Margo Leitschuh (left) and Joan Masters

As coalition leaders of Missouri Partners in Prevention, Missouri’s higher education substance misuse consortium dedicated to creating healthy and safe college campuses, we get asked a lot about what the most effective way is to create change on campus. The hard work of preventing drug misuse on college campuses often leaves professionals with low energy, little time, and scarce resources. It makes a lot of sense that our colleagues are searching for the quick and easy solution to address our campuses’ key concerns.
Our answer is always that you can never go wrong investing time and effort into developing your coalition, assessing readiness, and listening to your colleagues. When we build the capacity of our colleagues and our coalition, outcomes follow.
First, readiness is vital in prevention. It provides a solid foundation and gives initial strength to the prevention efforts. For example, our coalition of colleges and universities does not take on a new campus unless they are ready to be fully engaged members. The same can be said for taking on new individual coalition members or gauging the need to start a coalition on campus. You must answer the question: is there readiness to make change? Coalitions must also be ready to put in the time and effort it takes to do alcohol and drug misuse prevention. Those who have been successful in prevention often make it look easy, but it is challenging work that takes time.
Second, resources are necessary in this work and none are more important than the stakeholders and coalition members. Engaging diverse stakeholders ensures a variety of expertise and views on a coalition. It is also important to focus on what you can control, and engaging partners who are ready and willing. Develop win-win situations that are mutually beneficial. For example, talk with Fraternity and Sorority Life staff about engaging with the coalition, noting that you can help get their staff trained in alcohol and other drug issues while having key voices in Greek Life on the coalition. Remember to not just gain initial engagement, but sustain engagement with regularly scheduled, positive, and productive meetings.

In order to strengthen your team, identify what gaps in knowledge your prevention team might have. On many campuses, coalition membership includes student affairs professionals, law enforcement personnel, or community business owners who might not have knowledge of public health strategies or the Strategic Prevention Framework. Ask colleagues about what knowledge gaps they have and provide online or in-person training experiences that help them understand the context of this work.  Share the resources on this website, www.campusdrugprevention.gov, or watch a helpful short training video at the beginning of every coalition meeting.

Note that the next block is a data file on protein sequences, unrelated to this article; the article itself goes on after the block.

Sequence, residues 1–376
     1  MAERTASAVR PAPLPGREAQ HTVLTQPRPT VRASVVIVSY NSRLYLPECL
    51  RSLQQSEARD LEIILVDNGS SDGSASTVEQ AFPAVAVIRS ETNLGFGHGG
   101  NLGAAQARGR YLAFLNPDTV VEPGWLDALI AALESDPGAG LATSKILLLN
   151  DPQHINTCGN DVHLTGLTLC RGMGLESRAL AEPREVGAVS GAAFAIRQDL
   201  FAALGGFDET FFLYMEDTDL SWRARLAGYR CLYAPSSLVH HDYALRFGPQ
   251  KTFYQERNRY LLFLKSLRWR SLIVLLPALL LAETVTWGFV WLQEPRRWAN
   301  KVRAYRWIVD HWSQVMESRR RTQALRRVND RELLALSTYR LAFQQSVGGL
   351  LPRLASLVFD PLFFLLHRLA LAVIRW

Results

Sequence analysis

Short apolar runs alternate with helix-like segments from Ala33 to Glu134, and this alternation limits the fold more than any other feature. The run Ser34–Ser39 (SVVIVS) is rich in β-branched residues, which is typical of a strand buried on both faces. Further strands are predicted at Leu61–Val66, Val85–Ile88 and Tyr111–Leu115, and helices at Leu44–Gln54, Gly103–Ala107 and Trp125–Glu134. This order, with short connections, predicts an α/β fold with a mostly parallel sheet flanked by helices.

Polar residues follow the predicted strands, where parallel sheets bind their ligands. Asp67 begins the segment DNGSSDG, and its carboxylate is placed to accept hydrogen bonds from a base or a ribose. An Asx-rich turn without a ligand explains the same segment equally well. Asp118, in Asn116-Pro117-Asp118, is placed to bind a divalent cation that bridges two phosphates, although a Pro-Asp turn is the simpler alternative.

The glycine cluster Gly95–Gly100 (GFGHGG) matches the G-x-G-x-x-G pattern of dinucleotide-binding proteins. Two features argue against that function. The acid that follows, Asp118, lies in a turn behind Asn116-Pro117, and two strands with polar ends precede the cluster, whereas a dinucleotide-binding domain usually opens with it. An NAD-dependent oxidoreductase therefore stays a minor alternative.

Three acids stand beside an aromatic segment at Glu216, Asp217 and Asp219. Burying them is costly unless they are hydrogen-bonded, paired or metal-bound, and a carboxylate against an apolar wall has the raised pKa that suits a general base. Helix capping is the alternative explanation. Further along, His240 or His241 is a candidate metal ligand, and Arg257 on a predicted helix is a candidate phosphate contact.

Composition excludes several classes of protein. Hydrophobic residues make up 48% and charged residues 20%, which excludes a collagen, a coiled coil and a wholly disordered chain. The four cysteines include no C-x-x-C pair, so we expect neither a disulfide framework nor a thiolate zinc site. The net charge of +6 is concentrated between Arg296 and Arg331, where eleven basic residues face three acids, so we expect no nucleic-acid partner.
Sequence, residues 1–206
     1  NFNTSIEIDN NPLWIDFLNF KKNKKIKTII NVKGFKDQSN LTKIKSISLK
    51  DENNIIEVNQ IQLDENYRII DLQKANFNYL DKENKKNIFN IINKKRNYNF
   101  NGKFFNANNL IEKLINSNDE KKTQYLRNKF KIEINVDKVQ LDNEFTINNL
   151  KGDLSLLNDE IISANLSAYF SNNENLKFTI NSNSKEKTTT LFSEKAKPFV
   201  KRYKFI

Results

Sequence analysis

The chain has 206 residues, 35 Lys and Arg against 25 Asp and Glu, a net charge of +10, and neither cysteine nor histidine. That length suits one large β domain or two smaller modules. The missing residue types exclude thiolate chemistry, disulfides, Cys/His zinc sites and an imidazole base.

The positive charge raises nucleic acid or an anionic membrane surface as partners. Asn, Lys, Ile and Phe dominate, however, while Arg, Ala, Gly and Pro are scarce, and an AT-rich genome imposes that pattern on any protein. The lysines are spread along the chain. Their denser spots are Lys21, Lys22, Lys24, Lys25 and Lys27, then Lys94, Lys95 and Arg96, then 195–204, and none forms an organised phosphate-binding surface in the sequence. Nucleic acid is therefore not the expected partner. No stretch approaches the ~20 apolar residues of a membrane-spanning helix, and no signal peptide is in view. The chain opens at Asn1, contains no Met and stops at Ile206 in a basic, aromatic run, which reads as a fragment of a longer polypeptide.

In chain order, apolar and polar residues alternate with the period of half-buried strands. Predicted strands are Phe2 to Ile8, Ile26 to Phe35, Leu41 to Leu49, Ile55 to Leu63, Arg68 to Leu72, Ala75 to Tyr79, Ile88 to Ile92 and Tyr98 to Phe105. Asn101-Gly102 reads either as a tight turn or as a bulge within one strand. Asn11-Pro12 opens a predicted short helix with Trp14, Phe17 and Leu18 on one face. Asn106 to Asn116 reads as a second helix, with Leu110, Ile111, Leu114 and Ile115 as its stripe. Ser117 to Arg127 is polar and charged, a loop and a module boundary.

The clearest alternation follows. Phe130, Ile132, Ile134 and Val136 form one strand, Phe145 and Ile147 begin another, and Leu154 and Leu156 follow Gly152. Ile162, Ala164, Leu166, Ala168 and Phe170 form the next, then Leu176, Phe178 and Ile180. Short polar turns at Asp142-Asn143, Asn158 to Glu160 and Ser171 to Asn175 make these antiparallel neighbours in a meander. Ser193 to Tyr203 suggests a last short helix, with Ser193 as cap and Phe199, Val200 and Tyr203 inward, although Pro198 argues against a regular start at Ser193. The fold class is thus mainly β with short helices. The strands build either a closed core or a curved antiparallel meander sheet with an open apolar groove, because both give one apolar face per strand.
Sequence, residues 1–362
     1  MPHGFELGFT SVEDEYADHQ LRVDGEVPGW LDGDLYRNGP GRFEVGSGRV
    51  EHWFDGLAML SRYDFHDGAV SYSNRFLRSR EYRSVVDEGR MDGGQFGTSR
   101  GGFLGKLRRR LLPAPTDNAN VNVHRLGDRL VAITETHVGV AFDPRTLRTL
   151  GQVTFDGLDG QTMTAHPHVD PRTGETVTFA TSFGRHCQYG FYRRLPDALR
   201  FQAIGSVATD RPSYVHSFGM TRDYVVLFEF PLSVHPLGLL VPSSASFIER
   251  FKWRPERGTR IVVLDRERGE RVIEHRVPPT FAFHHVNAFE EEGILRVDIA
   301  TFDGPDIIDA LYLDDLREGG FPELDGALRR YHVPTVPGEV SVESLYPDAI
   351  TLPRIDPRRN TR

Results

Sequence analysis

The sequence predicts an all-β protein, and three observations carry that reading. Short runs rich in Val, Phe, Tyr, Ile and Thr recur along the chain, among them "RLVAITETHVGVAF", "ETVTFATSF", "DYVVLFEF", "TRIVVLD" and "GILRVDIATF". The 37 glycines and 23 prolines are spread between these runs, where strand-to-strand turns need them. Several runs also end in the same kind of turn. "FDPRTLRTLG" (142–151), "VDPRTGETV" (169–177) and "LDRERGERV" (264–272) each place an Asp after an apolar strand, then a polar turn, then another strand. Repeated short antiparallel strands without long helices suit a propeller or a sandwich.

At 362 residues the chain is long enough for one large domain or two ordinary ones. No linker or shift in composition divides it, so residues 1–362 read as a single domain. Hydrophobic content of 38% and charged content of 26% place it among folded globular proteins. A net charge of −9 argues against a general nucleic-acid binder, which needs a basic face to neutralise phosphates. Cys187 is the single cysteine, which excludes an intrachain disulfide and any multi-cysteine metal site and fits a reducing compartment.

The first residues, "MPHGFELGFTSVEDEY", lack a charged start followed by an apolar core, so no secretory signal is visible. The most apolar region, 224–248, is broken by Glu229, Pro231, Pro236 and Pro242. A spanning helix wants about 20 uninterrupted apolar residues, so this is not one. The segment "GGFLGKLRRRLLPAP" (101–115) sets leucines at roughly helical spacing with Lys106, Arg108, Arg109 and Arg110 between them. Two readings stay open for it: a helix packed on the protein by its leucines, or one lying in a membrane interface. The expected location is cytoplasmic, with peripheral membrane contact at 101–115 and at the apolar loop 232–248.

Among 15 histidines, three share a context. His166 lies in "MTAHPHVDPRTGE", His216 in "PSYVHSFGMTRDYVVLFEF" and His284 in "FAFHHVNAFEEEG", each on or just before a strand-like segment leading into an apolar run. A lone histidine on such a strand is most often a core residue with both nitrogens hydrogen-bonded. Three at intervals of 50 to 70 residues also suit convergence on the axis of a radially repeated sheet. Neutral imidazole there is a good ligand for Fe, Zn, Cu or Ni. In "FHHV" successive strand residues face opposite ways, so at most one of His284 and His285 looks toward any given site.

As you build the coalition and strengthen partnerships, use this group to raise community awareness of the issue. Some coalition members may want to be verbal champions and serve as spokespeople for the effort, while others may prefer to show passive support for the issues your campus is addressing. Ask them to raise awareness within their spheres of influence on campus or in the community. If you have invested time in developing win-win situations where these partners see value in their work, and they are well-trained and supported, this strategy will help provide a broader base of support for the important issues you are working on. It is also important to celebrate the champions of your work, whether you choose to do so in a formal way or with a simple thank-you e-mail or phone call.
Building capacity is crucial to creating community change that has lasting systemic impact, and it is a critical part of the Strategic Prevention Framework. A wise colleague once noted that building capacity starts with having one cup of coffee with a coalition member. Take a moment to identity potential stakeholders and champions and make the time to ask them about their views on drug misuse on campus. Thirty minutes for one cup of coffee and a good conversation will pay large dividends to helping identify how much work you will need to do to spotlight issues of drug misuse on your campus. You will find that this is the wisest investment you will make in your prevention career.

Margo Leitschuh has served as the Communications Coordinator with Missouri Partners in Prevention since January 2017. She holds a bachelor’s degree in health science from the University of Missouri – Columbia and is passionate about public health. Within Partners in Prevention she works primarily on projects related to preventing impaired driving, suicide, and prescription drug misuse. She also assists campuses in strategic planning and implementing evidence-informed strategies.
Joan Masters is Project Director of Missouri Partners in Prevention, Missouri’s statewide coalition of 24 colleges and universities. Joan is the Primary Investigator and Research Lead on multiple grants with Missouri state agencies regarding substance misuse prevention, relationship and violence prevention, and suicide prevention in higher education. Through the work of Missouri Partners in Prevention, Joan leads a statewide research project and provides dissemination consultation and support to the 24 campuses in the coalition. Joan also serves as a consultant on issues such as using the public health model to create change in campus safety concerns, implementation of the Strategic Prevention Framework and the Socio-Ecological model as a framework for systemic campus change, and implementation of the strategies recommended in the NIAAA’s Alcohol Intervention Matrix. Joan holds an undergraduate degree in secondary education and an advanced degree in counseling psychology, coupled with an additional certification as a Missouri Advanced Prevention Specialist.

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